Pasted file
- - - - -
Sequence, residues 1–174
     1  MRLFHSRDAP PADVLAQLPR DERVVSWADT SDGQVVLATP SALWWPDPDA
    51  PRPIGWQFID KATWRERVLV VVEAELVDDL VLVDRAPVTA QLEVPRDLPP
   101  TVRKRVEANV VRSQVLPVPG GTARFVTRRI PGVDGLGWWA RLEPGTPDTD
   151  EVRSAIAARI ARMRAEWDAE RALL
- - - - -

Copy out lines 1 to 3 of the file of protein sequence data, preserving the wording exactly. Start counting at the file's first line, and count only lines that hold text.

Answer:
Sequence, residues 1–174
     1  MRLFHSRDAP PADVLAQLPR DERVVSWADT SDGQVVLATP SALWWPDPDA
    51  PRPIGWQFID KATWRERVLV VVEAELVDDL VLVDRAPVTA QLEVPRDLPP